I have now done some preliminary overall study of what to do in Sicily and the island, itself. At this point, I typically start collecting data on the places which I am remotely thinking about visiting, including Palermo, Cefalu, Agrigento, Aeolian Islands, Taormina, Catania, Syracuse/ Siracusa and Mt. Etna.
A brief history on Palermo, Sicily, from “italyguides.it” is as follows:
“Palermo‘s strength is in its beauty and civilization more than its defensibility or military tradition. Completely accessible by sea, and situated in a valley, it has always been a target for invaders and an obvious foothold into Italy. Thus it has become one of the most conquered and occupied cities in the world.”
“The Phoenicians who were the first to occupy Palermo, named it Zyz, “the flower“. They were later superseded by Carthaginians, then by the Romans who changed its name to Panormus.”
“By Medieval times the city was in the hands of Greek Byzantine powers till the ninth century, when thanks to Arab conquest, it flowered into its true splendor becoming the capital of Sicily having, in its heyday an emir, giving it great status in the Arab world. In this period the city was enriched with sumptuous palaces, more than three hundred mosques and lively markets. The city assumed the “Aswanesque” form and structure of a typical Islamic metropolis, which it has preserved to this day. The principle quarter at the time surrounded the residence of the Emir, and was known as La Kalsa. It became the zone of mosques, artisans, salesmen and soldiers, bordered by the ancient fortified castle – il Càssaro.”
“In the hands of the Normans, il Càssaro became the headquarters for all governors till the arrival of Frederick II who became the father of one of the greatest epochs in Palermo‘s history. It was he who united the cultural characteristics the city had collected over the centuries from diverse dominions, creating a coherent patchwork “whole” from its fragmented past. Building the tolerant approach to the city’s Arab characteristics as his Norman predecessors had done, he created an environment in which diverse aspects of Palermo maintained their peculiarities under one comprehensive government. The result was an ethnically varied, thriving city of international renown.”
“During the Angevin domination, Palermo‘s primate Charles left Palermo and conquered Naples. In one of his many subsequent absences, the Sicilian Vespers revolt broke out, restoring Palermo to echoes of its stolen former glories, this time under Spanish Aragon rule.”
“Palermo remained in Aragon hands, as an independent state, and later under direct Spanish rule till the mid 1700’s.”
“For a short period it subsequently fell into the hands of the Bourbons before Garibaldi‘s unification of Italy with the Expedition of the Thousand, who bought Bourbon domination to heel, ushering in the historic period known as the Risorgimento (“Resurrection”).”
Pauline Frommer writes the following about Palermo in her Italy guidebook:
“The city was and is multicultural, not only in its eclectic architecture but in its sultry charm. Over the centuries, various rulers tried to impose logic on the city plan, building arrow straight streets (like Via Vittorio Emanuele and Via Maqueda, which intersect at the heart of the city–the Quattro Canti—dividing it into four distinct districts), but Palermo couldn’t be tamed, as you’ll see when you wander along the narrow, meandering back streets. Here you’ll come upon tiny shops selling exotic textiles and ebony statues alongside conventional Italian pottery, and stumble on small ethnic restaurants abutting traditional Italian trattorie. Over the years, Palermo has been inhabited by Jewish merchants, Turkish and Syrian craftsmen, Persian artists, Spanish royalty, and Mafia dons—and each faction has left its mark. A more contemporary symbol of Palermo’s diversity and tolerance is a place in the northern part of the city where three streets form a triangle: They’re called Via Martin Luther King, Via Isaac Rubin, and Via Anwar Sadat.”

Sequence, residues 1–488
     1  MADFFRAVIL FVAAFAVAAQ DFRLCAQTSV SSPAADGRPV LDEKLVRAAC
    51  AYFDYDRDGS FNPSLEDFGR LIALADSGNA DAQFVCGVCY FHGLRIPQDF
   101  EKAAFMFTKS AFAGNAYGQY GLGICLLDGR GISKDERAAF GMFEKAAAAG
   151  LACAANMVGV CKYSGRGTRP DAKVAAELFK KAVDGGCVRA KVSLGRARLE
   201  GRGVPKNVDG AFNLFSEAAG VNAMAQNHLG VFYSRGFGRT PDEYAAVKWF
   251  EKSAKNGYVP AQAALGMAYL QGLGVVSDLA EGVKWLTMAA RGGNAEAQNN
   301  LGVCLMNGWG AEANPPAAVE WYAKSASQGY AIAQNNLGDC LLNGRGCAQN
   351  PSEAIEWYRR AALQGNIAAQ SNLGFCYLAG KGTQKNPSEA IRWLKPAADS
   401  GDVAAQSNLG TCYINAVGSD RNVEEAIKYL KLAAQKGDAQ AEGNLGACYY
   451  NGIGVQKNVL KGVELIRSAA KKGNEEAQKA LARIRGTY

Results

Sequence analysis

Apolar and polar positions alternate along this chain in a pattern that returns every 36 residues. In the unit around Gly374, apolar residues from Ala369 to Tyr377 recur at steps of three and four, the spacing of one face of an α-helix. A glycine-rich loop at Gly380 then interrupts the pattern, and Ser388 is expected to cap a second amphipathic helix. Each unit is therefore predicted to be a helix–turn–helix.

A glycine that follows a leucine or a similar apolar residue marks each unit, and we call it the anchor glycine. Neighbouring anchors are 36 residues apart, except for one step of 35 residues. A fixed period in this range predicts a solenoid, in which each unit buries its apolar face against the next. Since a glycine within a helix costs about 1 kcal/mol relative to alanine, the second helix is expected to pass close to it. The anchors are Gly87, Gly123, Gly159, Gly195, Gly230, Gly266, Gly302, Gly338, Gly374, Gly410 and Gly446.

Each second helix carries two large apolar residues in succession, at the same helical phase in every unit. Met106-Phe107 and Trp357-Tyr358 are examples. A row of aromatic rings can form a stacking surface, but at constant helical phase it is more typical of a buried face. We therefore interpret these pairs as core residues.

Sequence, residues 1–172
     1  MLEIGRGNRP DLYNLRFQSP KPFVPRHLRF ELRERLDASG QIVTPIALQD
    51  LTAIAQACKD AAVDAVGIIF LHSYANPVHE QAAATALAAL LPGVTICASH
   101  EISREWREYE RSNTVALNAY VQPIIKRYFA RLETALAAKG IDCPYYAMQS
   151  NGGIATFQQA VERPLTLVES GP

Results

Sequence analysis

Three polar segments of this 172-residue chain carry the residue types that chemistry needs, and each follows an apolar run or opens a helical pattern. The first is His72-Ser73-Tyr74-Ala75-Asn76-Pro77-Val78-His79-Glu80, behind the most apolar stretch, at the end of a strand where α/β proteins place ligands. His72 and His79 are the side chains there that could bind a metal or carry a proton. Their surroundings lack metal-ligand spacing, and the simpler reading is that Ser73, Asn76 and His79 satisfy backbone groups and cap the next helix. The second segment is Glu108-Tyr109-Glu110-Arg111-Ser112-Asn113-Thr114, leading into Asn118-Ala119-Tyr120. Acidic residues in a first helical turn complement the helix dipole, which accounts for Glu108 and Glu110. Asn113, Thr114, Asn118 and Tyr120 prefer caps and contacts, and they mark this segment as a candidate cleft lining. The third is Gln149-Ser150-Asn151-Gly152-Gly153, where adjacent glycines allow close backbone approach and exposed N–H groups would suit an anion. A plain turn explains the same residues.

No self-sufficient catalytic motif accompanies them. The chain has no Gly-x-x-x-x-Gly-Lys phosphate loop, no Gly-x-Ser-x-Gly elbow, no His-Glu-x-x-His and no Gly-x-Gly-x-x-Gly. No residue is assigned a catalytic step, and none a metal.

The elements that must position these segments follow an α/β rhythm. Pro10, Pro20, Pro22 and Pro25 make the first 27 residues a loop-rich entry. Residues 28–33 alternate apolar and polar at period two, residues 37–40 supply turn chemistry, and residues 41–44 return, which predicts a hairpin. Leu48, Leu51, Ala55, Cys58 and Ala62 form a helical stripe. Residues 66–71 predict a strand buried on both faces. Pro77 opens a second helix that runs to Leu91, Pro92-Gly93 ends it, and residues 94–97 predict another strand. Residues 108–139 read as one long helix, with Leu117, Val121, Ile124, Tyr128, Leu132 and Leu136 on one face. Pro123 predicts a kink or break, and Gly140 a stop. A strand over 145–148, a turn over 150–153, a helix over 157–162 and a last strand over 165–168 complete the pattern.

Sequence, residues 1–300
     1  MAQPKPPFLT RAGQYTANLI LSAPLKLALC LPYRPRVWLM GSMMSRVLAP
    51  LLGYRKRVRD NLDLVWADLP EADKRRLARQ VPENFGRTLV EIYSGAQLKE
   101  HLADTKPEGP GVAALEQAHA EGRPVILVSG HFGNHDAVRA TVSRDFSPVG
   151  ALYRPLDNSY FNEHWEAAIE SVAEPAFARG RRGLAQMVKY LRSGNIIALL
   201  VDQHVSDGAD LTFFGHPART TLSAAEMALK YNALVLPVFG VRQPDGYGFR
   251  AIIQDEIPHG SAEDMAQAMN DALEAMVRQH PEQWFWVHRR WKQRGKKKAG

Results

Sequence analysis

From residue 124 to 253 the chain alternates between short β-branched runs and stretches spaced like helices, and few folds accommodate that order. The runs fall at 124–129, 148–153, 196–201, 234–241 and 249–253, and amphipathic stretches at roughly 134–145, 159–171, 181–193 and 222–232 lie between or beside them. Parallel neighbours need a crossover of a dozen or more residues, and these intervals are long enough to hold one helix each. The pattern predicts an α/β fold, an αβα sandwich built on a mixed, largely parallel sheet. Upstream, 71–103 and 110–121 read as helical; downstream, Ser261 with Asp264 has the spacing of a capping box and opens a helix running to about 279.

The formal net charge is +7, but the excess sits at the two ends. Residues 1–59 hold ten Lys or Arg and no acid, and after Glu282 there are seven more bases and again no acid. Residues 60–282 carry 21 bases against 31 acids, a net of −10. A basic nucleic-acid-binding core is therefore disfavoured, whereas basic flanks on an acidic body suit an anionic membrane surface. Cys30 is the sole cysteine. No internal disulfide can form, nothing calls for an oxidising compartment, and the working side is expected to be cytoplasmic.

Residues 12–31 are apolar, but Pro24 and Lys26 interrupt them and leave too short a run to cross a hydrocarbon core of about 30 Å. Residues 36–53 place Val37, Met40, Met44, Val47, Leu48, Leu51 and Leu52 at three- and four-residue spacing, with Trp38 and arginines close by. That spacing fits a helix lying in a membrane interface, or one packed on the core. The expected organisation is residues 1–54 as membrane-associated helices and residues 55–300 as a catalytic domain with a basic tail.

As I review the above map, I see where we will be arriving which is at the train station, Palermo Centrale, on Piazza Giulio Cesare, just south of the heart of historical Palermo. We will be staying somewhere in this historical center.
This is Pauline Frommer’s comments regarding Palermo’s lay of the land:
“Palermo’s historical center with its web of narrow, winding streets, is parsed into quadrants by two pencil-straight thoroughfares, Via Vittorio Emanuele and Via Maqueda. These streets intersect at Palermo’s core, the Quatto Canti (four corners). “New” Palermo is to the north of the old city, on either side of Viale della Liberta. There aren’t as many sights here, per se, but you’ll get your share of wonderful local flavor if you spend some time on these streets and duck into neighborhood shops and restaurants.”
“The Quattro Canti (again where Vittorio Emanuele and Via Maqueda meet) is the best point of reference for exploring the city. Spreading back from each corner of the intersection are the four distinct districts of historical Palermo: Albergheria (southwest quadrant); Il Capo (northwest quadrant; Vucciria (northeast quadrant); and La Kalsa (southeast quadrant). It makes the most sense to attack these districts individually, devoting a half day or so to each, time permitting.
The main attraction just south of the Quattro Canti intersection is the Fontana Pretoria which is a huge fountain. The following is the description of this attraction found in Lonely Planet’s book, “Southern Italy:”
This huge and ornate fountain, with tiered basins and sculptures rippling in concentric circles, forms the centerpiece of Piazza Pretoria, a spacious square just south of the Quattro Canti. The city bought the fountain in 1573; however the flagrant nudity of the provocative nymphs proved too much for Sicilian church goers attending Mass next door, and they dubbed it the “Fountain of Shame.”